Two Xe-CT techniques for the measurement of regional pulmonary ventilation have been developed: single-breath and multibreath technique. Ball and coworkers (65) tried to measure regional ventilation by xenon scintigraphy by relating the count rate over the lung after a single breath to that after equilibration of the isotope throughout the lung. Tajik and coworkers (20) showed the potential of the single-breath method using Xe-CT, which was performed by having the subject take a single deep breath of a high nonradioactive xenon gas concentration mixture (80% xenon, 20% oxygen). Subtraction of identically gathered xenon-enhanced and unenhanced images can yield information regarding the relative distribution of local pulmonary ventilation. The enhancement due to xenon yields direct assessments of well-ventilated versus poorly ventilated lung regions. The single-breath technique has several advantages: it minimizes radiation dose and it allows for volumetric, spiral scanning. A limitation of the single-breath method lies in the fact that one must take a large breath of a high concentration of xenon. In some individuals this can cause the unwanted effect of temporarily eliminating the drive to breathe. Multibreath wash-in and/or wash-out methods offer information related to regional ventilation under dynamic conditions.
X-ray CT assessments of local pulmonary ventilation have assumed monoexponential kinetics for xenon tracer gas filling or clearing the alveoli, and the model has been described by Kety (66).
Since xenon (Xe) gas was first introduced by Knipping and coworkers (67) as a contrast material to examine pulmonary function, it has been used extensively in scintigraphy (65, 68, 69), MRI (57), single-photon emission computed tomography (70), and X-ray analysis (57, 63, 65, 68–71). Stable (nonradioactive) xenon gas has a K edge similar to that of iodine and should, therefore, be a potent X-ray attenuator and provide good contrast enhancement when used in conjunction with CT scanning (72). When imaged in a conventional CT scanner, lung attenuation varies linearly with the xenon concentration in the inhaled gas (73). As discussed by Tajik and coworkers (20), the slope of the relationship between attenuation and xenon concentration was 1.55 Hounsfield units (HU) per percentage increase in xenon concentration for the electron-beam CT scanner and 2.24 HU per percentage increase in xenon concentration for the spiral/axial CT scanner. Also, attenuation is dependent on the kilovolt setting, with lower kilovolt settings giving greater attenuation because of the physical properties of xenon gas (74). Xenon is moderately soluble in blood and tissue. The Oswald solubility coefficient is 0.14 at 37°C for blood and 0.13 for fat tissue (75). The solubility of xenon gas has been considered one source of errors in the application of multibreath wash-in and/or wash-out protocols.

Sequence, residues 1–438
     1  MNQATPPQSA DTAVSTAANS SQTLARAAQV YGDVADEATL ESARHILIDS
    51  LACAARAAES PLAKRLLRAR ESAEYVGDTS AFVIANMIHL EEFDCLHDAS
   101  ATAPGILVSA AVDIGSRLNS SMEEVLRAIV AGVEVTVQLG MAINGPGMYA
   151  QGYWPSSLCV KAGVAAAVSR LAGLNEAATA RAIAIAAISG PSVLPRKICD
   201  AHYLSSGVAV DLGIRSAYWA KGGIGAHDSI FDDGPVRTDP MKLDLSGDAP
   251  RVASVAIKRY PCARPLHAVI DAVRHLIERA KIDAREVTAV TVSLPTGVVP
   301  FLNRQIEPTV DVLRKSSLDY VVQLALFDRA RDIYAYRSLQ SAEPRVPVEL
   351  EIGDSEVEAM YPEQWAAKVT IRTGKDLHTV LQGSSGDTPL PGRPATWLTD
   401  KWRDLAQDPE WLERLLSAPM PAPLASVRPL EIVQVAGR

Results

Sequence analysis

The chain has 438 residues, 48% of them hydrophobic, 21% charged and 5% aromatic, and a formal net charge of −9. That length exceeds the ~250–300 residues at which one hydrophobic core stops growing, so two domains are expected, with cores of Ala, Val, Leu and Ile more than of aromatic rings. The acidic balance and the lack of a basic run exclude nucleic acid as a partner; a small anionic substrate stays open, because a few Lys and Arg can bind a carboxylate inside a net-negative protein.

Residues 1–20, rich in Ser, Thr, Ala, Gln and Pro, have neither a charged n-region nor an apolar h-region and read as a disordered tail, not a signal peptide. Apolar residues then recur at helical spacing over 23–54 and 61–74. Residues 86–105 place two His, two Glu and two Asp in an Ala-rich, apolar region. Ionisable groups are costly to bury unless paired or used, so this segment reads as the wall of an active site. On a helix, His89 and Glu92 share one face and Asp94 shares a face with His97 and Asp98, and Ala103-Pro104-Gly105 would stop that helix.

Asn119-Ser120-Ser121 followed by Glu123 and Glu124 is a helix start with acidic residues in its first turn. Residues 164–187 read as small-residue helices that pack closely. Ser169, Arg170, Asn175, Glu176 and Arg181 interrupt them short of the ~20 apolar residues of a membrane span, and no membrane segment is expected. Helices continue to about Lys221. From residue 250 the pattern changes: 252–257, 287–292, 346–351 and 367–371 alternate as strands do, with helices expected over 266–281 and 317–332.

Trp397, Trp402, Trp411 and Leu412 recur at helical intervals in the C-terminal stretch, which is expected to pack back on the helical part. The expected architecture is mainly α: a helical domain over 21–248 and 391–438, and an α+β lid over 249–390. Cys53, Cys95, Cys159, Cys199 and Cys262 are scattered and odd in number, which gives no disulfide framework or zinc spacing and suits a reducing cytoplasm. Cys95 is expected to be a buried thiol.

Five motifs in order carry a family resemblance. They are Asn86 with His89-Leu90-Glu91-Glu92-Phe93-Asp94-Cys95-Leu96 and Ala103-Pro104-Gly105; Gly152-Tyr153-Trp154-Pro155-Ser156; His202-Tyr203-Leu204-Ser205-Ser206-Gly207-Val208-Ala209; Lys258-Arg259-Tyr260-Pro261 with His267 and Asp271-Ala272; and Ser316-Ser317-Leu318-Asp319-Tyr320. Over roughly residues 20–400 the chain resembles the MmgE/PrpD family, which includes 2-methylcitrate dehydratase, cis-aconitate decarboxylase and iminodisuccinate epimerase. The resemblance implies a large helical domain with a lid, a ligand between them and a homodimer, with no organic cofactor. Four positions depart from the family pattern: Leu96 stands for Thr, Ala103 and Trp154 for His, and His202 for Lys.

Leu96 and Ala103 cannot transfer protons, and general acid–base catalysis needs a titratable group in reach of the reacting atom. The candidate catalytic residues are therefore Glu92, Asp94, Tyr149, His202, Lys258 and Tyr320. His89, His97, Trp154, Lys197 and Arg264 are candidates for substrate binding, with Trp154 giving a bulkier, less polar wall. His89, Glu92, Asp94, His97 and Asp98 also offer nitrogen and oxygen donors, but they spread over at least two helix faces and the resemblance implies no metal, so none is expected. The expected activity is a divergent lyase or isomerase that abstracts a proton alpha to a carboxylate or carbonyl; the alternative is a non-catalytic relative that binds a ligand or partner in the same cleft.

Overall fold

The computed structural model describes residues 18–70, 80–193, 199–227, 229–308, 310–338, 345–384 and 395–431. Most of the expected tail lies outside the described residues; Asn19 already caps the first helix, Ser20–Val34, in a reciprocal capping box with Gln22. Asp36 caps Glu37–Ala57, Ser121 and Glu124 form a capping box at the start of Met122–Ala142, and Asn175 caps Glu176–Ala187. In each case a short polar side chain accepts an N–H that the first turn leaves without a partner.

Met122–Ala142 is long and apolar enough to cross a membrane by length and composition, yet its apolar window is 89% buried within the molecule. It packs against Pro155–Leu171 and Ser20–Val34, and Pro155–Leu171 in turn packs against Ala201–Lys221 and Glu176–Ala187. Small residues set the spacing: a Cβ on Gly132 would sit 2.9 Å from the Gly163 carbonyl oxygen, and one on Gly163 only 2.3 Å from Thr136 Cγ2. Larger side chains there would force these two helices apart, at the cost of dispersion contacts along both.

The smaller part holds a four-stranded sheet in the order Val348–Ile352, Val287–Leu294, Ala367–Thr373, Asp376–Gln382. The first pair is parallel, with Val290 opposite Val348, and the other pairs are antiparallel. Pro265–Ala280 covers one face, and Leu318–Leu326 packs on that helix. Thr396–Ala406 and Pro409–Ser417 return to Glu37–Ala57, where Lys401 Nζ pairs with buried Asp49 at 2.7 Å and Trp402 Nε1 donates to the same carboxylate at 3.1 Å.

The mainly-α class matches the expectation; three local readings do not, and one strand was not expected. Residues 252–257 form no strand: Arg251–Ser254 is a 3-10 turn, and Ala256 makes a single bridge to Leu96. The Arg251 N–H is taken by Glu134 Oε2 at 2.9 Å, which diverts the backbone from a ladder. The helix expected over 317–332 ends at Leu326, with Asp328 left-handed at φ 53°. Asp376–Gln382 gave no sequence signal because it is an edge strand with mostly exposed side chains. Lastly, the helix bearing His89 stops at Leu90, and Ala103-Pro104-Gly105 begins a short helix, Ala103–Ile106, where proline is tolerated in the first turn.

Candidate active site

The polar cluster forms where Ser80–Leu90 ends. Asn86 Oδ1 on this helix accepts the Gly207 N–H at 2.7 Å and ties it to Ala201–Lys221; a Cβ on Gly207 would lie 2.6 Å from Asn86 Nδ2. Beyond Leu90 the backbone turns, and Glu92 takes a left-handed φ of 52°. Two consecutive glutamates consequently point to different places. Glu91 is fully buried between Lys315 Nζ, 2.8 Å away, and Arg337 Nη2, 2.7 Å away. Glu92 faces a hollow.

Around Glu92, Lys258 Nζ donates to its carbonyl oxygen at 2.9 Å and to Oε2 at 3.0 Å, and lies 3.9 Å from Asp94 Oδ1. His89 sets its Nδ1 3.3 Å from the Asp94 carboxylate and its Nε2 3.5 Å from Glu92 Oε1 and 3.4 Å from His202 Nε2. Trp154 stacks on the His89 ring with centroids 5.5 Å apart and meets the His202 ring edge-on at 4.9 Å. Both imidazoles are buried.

A number of investigators have used the Kety model in xenon scintigraphy (76, 77) and Xe-CT techniques (78), assuming xenon gas as the special case of gas with low solubility in blood. Previous studies using xenon scintigraphy reported that because of the solubility of xenon gas in blood and tissue, xenon is absorbed by the blood stream and distributed to the body parts during the wash-in phase.
In the application of Xe-CT, xenon wash-in, xenon wash-out, and combined xenon wash-in/wash-out have all been used to measure cerebral blood flow in both research and clinical studies. Polacin and coworkers (79) suggested a 3-min wash-in/5-min wash-out protocol by comparing it with an 8-min wash-in protocol and evaluating precision and accuracy of the cerebral blood flow estimates. For the measurement of regional pulmonary ventilation, three protocols (20, 71, 74) have been applied in both animal and human studies, based on the Kety model, which assumes that xenon is insoluble in blood and tissue and that the xenon wash-in rate is equal to the xenon wash-out rate. Simon and coworkers (80) used a Monte Carlo simulation technique to compare the estimates of confidence interval limit in three different protocols using the Xe-CT technique. The result from Monte Carlo simulation showed that the combined wash-in/wash-out protocol gives a narrower confidence interval for the time constant with the same nominal parameters and noise level than does either wash-in or wash-out alone. Tajik and coworkers (20) showed the repeatability of the regional tracer wash-out and wash-in measurement in terms of calculated time constants. Twenty regions of interest were randomly chosen on lung base. While repeatability of wash-out measurement was performed on the basis of data obtained with the EBCT scanner, wash-in measurement repeatability was performed with the spiral/axial CT scanner. Repeatability was compared with data obtained from only one animal in the supine position. The slope was 1.01 (R2 = 1.0) for EBCT and 1.00 (R2 = 0.96) for spiral/axial CT.